I want to be famous to shuffling men
It's September, somehow, and I keep dreaming about college, about dorm rooms and laundromats, cafeterias and classrooms and campuses. I dream of move in day and being the RA but also lost; I dream of trying to find my car, or an office, or a particular building entrance. I could draw a connection to my life, I suppose, to the fact that I'm deep in the weeds of so many new things, but the reality is I have these dreams every September, and have for many years now. It's something in the weather that makes me feel this precise combination of trepidatious and excited.
In real life, I was never lost on campus; I planned meticulously, printed out maps and timed my walk from dorm to class, from one class to the next, then home again, before academics opened up for the semester. I rode the bus routes and learned the schedules. I was never late by accident. In real life I was, and still am, the person other people ask for directions, rather than the other way around. I have a vibe, I guess.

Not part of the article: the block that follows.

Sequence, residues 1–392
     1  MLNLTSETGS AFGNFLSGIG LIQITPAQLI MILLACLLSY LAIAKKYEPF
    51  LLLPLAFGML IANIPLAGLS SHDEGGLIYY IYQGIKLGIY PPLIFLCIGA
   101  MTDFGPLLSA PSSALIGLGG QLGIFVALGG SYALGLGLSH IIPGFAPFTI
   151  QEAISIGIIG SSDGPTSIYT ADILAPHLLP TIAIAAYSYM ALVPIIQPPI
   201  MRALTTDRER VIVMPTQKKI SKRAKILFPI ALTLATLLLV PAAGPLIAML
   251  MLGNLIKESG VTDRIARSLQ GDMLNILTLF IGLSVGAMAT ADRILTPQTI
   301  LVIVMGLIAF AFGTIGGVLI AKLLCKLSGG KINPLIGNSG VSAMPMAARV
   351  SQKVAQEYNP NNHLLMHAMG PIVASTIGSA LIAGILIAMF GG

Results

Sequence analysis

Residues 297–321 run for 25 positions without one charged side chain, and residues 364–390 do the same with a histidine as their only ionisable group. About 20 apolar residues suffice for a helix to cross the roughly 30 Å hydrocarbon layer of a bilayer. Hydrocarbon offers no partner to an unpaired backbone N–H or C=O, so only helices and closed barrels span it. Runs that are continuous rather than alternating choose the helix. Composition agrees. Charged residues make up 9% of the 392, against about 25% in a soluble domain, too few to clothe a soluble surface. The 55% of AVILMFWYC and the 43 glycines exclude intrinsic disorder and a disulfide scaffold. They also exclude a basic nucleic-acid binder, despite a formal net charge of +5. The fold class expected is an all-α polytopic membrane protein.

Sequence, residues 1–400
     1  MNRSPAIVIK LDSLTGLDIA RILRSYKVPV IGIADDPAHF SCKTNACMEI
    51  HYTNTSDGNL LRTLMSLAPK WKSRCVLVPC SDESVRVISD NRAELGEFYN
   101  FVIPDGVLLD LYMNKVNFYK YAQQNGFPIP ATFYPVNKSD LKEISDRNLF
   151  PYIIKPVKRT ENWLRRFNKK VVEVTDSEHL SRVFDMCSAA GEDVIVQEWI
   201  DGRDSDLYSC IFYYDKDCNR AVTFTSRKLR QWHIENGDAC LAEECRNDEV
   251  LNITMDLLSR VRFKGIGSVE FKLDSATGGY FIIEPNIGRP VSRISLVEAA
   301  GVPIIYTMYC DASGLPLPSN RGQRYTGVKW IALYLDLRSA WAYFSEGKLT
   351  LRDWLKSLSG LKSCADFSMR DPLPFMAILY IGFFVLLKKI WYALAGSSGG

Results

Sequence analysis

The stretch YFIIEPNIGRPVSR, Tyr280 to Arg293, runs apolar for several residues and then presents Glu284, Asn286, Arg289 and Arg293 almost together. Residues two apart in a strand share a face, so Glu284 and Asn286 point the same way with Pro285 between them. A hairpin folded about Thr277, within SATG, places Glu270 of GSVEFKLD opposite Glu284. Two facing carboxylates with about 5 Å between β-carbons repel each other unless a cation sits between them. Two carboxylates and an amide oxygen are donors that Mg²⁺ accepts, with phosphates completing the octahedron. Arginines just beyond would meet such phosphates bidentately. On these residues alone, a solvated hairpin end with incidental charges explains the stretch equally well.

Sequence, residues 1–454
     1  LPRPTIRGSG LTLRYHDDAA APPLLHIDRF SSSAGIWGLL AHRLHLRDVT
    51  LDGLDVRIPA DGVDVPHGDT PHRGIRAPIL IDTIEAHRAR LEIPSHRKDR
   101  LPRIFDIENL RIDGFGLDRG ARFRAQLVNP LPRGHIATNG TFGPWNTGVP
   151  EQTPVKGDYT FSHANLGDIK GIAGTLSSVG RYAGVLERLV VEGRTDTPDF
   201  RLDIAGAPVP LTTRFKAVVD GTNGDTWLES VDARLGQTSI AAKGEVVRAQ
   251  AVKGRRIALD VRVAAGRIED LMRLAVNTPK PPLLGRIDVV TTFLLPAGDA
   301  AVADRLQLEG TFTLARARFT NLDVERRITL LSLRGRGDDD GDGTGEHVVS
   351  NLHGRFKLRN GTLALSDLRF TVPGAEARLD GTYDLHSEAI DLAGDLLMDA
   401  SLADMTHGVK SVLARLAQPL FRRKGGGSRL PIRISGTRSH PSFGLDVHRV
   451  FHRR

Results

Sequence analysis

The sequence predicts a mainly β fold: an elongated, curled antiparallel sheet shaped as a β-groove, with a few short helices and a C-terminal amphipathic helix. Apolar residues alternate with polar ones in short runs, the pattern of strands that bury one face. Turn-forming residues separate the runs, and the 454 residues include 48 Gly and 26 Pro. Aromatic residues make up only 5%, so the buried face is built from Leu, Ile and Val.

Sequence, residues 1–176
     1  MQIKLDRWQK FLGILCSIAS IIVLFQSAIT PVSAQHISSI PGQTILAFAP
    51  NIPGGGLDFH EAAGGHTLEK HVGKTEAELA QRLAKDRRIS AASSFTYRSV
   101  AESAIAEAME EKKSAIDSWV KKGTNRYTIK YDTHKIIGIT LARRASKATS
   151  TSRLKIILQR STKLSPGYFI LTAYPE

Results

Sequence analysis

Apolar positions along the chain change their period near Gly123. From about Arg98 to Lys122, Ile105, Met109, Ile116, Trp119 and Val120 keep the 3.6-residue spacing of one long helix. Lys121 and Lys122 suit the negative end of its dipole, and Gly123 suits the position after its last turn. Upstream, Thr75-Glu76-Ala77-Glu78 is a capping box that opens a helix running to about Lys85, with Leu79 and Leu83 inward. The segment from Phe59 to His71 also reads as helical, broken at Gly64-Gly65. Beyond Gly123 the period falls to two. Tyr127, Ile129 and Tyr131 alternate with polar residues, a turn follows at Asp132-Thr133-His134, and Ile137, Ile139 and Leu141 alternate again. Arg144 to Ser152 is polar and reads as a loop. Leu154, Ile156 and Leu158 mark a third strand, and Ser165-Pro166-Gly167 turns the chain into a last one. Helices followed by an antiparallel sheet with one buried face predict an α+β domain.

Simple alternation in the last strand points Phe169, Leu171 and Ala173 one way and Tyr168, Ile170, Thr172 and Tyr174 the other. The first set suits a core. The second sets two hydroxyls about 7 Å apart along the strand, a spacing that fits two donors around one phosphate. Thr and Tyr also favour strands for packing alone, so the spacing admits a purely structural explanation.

I first discovered Naomi Shihab Nye's poem Famous in high school, after I read her young adult novel Habibi and decided I needed to read everything she'd ever written. For a while, when quoting it to myself, I modified the last line to "because nobody ever forgot what it could do," thinking that was somehow more inspiring. Now, though, I know how deeply the need to never forget what you can do runs. I know how easy it can be to forget, how easy to let what you can do get lost.
I am a person who will always give directions to strangers on the streetcar, even if they interrupt my book or my podcast or even (though I might be a little begrudging) a conversation with my daughter. It's easy to be lost on the bus; I am glad I seem like someone who will help you, and I want you to be helped. Even if inwardly, for a moment, what I want to do is sigh, or roll my eyes, or get defensive of my space and time and attention, all of which come at a steep premium these days.
But that's not who I want to be, and so when someone asks the way, I might take a deep breath to soothe my irritation, but by the time I speak I do my best to be helpful, and welcoming, and generous. That is who I want to be. I want to be famous as the one who smiles back. I want to be the one who helped you get home when you didn't think you knew the way.
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